Ruggedness in the Free Energy Landscape Dictates Misfolding of the Prion Protein

J Mol Biol. 2019 Feb 15;431(4):807-824. doi: 10.1016/j.jmb.2018.12.009. Epub 2019 Jan 4.


Experimental determination of the key features of the free energy landscapes of proteins, which dictate their adeptness to fold correctly, or propensity to misfold and aggregate and which are modulated upon a change from physiological to aggregation-prone conditions, is a difficult challenge. In this study, sub-millisecond kinetic measurements of the folding and unfolding of the mouse prion protein reveal how the free energy landscape becomes more complex upon a shift from physiological (pH 7) to aggregation-prone (pH 4) conditions. Folding and unfolding utilize the same single pathway at pH 7, but at pH 4, folding occurs on a pathway distinct from the unfolding pathway. Moreover, the kinetics of both folding and unfolding at pH 4 depend not only on the final conditions but also on the conditions under which the processes are initiated. Unfolding can be made to switch to occur on the folding pathway by varying the initial conditions. Folding and unfolding pathways appear to occupy different regions of the free energy landscape, which are separated by large free energy barriers that change with a change in the initial conditions. These barriers direct unfolding of the native protein to proceed via an aggregation-prone intermediate previously identified to initiate the misfolding of the mouse prion protein at low pH, thus identifying a plausible mechanism by which the ruggedness of the free energy landscape of a protein may modulate its aggregation propensity.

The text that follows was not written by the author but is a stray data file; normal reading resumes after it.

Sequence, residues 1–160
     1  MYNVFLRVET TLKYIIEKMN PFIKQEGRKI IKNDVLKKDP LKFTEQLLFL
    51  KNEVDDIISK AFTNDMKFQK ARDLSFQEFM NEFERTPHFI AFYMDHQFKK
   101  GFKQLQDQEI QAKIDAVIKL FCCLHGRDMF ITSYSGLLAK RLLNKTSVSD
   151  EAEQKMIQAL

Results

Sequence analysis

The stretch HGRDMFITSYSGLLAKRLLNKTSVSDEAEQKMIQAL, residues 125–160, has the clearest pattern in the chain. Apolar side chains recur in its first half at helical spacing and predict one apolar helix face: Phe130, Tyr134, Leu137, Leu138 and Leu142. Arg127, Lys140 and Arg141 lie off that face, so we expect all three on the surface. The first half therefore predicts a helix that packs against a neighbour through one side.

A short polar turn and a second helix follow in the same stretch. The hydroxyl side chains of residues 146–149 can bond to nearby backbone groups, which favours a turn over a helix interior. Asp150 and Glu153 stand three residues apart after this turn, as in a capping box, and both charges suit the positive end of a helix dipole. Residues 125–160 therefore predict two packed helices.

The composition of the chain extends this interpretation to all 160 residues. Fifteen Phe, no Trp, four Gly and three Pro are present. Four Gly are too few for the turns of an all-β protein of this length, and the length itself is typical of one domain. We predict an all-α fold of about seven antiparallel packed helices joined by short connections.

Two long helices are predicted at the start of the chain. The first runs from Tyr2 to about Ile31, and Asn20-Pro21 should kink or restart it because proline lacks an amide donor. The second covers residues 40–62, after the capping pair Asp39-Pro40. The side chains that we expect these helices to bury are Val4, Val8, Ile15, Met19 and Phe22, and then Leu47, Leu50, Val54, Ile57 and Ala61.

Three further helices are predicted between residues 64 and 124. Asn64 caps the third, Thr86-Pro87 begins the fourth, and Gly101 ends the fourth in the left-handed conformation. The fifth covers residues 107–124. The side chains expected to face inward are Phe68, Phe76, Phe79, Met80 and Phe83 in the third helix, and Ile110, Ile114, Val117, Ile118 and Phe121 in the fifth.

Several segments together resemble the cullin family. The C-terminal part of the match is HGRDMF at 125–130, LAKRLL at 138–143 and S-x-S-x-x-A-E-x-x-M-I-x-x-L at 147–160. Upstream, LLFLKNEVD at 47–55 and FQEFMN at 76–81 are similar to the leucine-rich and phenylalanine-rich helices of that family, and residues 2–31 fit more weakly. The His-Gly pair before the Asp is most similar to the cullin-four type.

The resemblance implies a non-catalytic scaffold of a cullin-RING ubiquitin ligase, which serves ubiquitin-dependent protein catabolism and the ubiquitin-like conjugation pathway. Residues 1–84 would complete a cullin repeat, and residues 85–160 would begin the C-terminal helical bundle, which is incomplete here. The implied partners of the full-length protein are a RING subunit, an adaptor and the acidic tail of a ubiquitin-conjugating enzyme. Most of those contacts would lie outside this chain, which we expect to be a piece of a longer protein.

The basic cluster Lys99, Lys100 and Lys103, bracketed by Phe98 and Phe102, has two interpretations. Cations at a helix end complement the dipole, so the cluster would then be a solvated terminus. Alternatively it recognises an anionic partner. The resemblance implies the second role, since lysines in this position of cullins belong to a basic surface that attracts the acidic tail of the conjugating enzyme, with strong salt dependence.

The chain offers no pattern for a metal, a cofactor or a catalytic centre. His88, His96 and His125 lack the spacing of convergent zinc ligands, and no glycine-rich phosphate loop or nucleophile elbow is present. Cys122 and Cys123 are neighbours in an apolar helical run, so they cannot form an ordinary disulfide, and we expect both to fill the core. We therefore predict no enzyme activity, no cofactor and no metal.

Keywords: aggregation; cooperativity; energy barrier; prion; ruggedness.

Publication types

  • Research Support, Non-U.S. Gov't

MeSH terms

  • Animals
  • Entropy
  • Kinetics
  • Mice
  • Prion Proteins / metabolism*
  • Prions / metabolism
  • Protein Folding
  • Thermodynamics


  • Prion Proteins
  • Prions
  • Prnp protein, mouse